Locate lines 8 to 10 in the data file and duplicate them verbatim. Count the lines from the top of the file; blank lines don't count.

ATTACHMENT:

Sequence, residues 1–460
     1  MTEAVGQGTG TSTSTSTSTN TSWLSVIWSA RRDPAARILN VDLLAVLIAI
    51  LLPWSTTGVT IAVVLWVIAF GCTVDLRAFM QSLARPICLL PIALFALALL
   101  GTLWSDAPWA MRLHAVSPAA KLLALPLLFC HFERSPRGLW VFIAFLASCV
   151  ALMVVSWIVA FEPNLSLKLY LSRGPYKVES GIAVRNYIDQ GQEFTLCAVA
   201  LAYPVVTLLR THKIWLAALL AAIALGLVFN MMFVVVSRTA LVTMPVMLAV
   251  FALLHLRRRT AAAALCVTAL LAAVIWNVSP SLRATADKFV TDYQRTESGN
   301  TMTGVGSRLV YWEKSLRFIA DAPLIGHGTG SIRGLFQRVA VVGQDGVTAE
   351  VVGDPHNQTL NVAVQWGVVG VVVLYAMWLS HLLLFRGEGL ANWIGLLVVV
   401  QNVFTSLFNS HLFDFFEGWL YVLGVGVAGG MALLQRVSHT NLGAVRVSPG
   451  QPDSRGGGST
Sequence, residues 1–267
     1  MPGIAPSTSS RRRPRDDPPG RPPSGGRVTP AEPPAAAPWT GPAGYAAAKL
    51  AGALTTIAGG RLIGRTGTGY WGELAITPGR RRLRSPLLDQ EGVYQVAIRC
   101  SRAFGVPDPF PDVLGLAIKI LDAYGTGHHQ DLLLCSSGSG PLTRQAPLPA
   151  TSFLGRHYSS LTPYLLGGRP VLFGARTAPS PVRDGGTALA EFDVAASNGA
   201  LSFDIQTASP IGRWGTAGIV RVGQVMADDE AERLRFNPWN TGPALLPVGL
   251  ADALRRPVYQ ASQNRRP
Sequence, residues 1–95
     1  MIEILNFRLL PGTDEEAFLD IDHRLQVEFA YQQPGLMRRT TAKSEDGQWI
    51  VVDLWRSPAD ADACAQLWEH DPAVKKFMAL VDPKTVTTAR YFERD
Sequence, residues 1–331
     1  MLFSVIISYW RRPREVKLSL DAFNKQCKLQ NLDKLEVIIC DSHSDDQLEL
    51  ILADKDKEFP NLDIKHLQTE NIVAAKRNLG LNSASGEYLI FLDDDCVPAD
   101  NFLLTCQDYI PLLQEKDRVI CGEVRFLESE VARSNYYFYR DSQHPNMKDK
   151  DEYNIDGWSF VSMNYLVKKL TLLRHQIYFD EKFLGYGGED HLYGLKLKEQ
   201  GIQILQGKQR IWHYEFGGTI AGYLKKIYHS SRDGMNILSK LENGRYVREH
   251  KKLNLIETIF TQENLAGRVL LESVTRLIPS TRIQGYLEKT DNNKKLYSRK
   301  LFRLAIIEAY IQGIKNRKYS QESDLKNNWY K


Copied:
   301  TMTGVGSRLV YWEKSLRFIA DAPLIGHGTG SIRGLFQRVA VVGQDGVTAE
   351  VVGDPHNQTL NVAVQWGVVG VVVLYAMWLS HLLLFRGEGL ANWIGLLVVV
   401  QNVFTSLFNS HLFDFFEGWL YVLGVGVAGG MALLQRVSHT NLGAVRVSPG